Objective: To evaluate long-term effects of maintenance tocolysis with nifedipine on neurodevelopmental outcome of the infant. Design, Setting and Population: Follow up of infants of women who participated in a multicentre randomised controlled trial on maintenance tocolysis with nifedipine versus placebo. Methods: Two years after the APOSTEL II trial on maintenance tocolysis with nifedipine versus placebo, we asked participants to complete the Ages and Stages Questionnaire. Main outcome measures: Infant development was measured in five domains. Developmental delay was defined as a score of ≤1 SD in one or more developmental domains. We performed exploratory subgroup analysis in women with preterm prolonged rupture of the membranes, and in women with a cervical length <10 mm at study entry. Results: Of the 276 women eligible for follow up, 135 (52.5%) returned the questionnaire, encompassing data of 170 infants. At 2 years of age, infants of women with nifedipine maintenance tocolysis compared with placebo had a higher overall incidence of fine motor problems (22.2 versus 7.6%, OR 3.43, 95% CI 1.29-9.14, P = 0.01), and a lower incidence of poor problem-solving (21.1 versus 29.1%, OR 0.27, 95% CI 0.08-0.95, P = 0.04). Conclusions: This follow-up study revealed no clear benefit of nifedipine maintenance tocolysis at 2 years of age. As short-term adverse perinatal outcome was not reduced in the original APOSTEL II trial, we conclude that maintenance tocolysis does not appear to be beneficial at this time. Tweetable abstract: No clear benefit of nifedipine maintenance tocolysis in preterm labour on 2-year infant outcome.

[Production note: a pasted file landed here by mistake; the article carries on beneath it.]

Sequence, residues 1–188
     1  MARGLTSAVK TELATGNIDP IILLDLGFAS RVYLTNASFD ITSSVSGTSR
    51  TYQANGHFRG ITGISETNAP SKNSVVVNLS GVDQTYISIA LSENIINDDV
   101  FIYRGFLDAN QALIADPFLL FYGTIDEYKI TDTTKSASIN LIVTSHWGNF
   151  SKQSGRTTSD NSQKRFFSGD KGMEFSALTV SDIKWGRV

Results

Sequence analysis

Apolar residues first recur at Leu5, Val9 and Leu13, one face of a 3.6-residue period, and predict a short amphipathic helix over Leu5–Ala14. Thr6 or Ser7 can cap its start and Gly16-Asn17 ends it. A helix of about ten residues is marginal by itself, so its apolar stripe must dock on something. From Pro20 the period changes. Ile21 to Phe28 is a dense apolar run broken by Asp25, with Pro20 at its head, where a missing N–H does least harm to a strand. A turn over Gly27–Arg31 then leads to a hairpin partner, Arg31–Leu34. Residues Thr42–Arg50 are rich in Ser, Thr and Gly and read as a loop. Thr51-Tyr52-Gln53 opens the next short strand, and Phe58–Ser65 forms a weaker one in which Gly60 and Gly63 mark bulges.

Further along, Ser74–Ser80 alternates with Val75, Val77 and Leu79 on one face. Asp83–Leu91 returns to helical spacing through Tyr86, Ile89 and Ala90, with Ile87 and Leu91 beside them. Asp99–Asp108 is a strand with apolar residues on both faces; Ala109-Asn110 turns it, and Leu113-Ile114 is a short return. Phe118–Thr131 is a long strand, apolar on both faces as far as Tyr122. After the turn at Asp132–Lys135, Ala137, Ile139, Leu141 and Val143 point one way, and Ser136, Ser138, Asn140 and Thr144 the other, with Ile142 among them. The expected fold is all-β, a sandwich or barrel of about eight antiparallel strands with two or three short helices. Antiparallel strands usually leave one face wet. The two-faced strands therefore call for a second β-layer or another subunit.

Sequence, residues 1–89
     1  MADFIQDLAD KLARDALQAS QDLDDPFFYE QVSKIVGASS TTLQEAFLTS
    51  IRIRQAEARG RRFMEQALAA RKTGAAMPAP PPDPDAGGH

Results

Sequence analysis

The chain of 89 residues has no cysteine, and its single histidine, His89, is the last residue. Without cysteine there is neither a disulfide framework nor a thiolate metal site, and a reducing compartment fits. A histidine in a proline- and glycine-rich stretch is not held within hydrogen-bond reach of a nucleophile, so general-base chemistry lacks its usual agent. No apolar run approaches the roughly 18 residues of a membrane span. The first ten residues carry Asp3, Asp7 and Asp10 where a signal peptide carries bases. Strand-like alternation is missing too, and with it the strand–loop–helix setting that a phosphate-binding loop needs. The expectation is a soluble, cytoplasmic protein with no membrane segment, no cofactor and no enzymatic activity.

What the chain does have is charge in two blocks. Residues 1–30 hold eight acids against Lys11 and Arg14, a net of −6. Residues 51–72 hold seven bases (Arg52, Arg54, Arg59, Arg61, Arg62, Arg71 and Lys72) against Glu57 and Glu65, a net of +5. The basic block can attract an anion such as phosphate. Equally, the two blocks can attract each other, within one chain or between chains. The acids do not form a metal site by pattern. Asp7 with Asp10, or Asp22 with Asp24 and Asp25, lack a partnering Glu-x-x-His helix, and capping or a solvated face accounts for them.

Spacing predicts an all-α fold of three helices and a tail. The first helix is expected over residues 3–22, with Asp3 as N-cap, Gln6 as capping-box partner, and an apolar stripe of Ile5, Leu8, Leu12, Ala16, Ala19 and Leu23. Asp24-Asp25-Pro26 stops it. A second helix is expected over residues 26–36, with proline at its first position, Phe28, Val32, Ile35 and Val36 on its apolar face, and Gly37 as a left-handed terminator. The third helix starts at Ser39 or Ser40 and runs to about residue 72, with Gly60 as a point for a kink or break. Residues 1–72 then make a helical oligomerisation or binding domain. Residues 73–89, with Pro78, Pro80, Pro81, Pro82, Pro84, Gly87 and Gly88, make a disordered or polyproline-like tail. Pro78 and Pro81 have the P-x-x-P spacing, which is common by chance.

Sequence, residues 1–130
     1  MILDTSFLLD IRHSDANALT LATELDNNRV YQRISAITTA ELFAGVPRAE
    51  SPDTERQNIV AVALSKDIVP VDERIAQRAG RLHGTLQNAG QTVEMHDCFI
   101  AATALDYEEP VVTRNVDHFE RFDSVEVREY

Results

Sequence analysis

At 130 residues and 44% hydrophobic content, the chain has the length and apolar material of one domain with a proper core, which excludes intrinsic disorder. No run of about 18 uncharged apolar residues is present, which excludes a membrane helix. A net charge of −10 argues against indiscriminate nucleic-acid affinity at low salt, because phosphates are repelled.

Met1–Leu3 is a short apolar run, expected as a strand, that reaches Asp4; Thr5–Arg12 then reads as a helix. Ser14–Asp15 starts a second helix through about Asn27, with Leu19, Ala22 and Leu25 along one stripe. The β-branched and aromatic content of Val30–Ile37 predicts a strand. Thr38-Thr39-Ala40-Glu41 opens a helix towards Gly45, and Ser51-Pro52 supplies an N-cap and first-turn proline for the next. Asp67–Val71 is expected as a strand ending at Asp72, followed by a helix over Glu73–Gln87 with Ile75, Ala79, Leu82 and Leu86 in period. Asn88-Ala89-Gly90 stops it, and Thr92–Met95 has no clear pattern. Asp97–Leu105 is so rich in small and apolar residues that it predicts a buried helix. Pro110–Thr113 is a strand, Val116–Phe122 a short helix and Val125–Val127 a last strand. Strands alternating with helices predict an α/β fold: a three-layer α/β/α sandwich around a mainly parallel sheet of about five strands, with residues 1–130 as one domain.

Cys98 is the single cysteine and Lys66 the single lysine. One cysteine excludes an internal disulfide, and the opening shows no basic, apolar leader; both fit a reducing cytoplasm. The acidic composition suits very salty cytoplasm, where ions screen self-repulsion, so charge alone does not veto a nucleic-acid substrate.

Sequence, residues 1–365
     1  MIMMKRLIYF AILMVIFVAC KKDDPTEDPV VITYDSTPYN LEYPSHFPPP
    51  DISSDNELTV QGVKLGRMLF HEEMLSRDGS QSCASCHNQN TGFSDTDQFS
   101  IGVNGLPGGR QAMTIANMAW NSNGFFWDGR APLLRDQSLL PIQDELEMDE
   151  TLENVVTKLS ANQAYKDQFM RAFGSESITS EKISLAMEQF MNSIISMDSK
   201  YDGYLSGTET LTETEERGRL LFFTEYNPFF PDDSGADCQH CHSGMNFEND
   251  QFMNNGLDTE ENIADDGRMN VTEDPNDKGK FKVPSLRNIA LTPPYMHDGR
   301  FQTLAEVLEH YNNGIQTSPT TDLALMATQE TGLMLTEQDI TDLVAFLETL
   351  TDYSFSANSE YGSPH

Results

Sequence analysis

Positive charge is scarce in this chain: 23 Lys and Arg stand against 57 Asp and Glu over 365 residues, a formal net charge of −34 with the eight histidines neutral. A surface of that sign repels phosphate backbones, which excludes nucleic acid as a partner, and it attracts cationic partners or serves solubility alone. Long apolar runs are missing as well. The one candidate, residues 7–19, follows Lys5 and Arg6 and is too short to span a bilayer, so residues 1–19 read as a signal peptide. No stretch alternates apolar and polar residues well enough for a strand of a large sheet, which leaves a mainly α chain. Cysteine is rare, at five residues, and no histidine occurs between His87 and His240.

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doi.org/10.1111/1471-0528.13586, hdl.handle.net/1765/85563
BJOG: An International Journal of Obstetrics and Gynaecology
Erasmus MC: University Medical Center Rotterdam

van Vliet, E.O.G, Seinen, L, Roos, C, Schuit, E, Scheepers, H.C.J, Bloemenkamp, K.W.M, … Oudijk, M.A. (2015). Maintenance tocolysis with nifedipine in threatened preterm labour: 2-year follow up of the offspring in the APOSTEL II trial. BJOG: An International Journal of Obstetrics and Gynaecology. doi:10.1111/1471-0528.13586